Date of Award

Summer 2014

Document Type


Degree Name

Doctor of Education (EdD)


Curriculum, Instruction, and Leadership

First Advisor

Lawrence Leonard


Traditional educational environments have been documented as being potential barriers to improving student achievement. Consequently, reform models, such as the New Tech High School (NTHS), were created to enable educators to fundamentally rethink teaching and learning. The purpose of this study was to ascertain whether the NTHS, as a reform model, is an effective vehicle to increase student achievement. The study examined the relationship between NTHS models and desired outcomes of the New Tech Network (NTN) as indicated by: state proficiency exams, End of Course (EOC) exams; a college and career readiness exam, the American College Test (ACT); and, School Performance Scores (SPS). An attempt was made to determine if the participating NTHS schools have been accomplishing the intended outcomes of the NTN and if this reform model has the potential to successfully transform educational practices. Analysis and conclusions were based on results from the application of a chi-square distribution test, comparisons of calculated z scores with percentile ranks, and a Pearson product-moment correlation coefficient. The data sets used in the study were constructed from reported student achievement and principal/teacher perceptions at three NTHS schools located in northern Louisiana.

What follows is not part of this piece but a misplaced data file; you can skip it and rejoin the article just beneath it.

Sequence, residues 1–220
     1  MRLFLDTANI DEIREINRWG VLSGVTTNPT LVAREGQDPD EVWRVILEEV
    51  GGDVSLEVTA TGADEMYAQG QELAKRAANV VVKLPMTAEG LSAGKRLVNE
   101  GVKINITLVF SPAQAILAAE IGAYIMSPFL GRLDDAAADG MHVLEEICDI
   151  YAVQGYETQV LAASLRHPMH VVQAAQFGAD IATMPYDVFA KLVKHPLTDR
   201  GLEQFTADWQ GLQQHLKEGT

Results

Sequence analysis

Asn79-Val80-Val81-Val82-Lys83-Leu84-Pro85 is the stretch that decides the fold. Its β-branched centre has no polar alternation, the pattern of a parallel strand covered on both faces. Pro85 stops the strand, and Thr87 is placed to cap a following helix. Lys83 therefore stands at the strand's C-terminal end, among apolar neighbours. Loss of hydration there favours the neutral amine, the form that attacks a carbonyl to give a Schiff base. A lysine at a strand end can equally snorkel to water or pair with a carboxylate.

The study found that there is an association between NTHS model configuration and student achievement scores on state proficiency exams. This study also determined that the participating NTHS schools reported lower student achievement scores on the college readiness indicator exam, the ACT, when compared to the Louisiana state average composite score. Likewise, the researcher found that the NTHS model configurations of Whole School Conversion (WSC) and Autonomous School (AS) both reported a SPS lower than the average Louisiana School Site SPS while the entire school of the Small Learning Community (SLC) configuration reported a higher SPS than the state average Louisiana School Site SPS. Finally, a positive correlation was found in NTHS principal/teacher perceptions of implementation of the NTN goals instructional approaches and principal/teacher perceptions of meeting the NTN desired student outcomes based upon the NTN School Success Rubric (SSR). Implications of the findings and recommendations for further research are provided.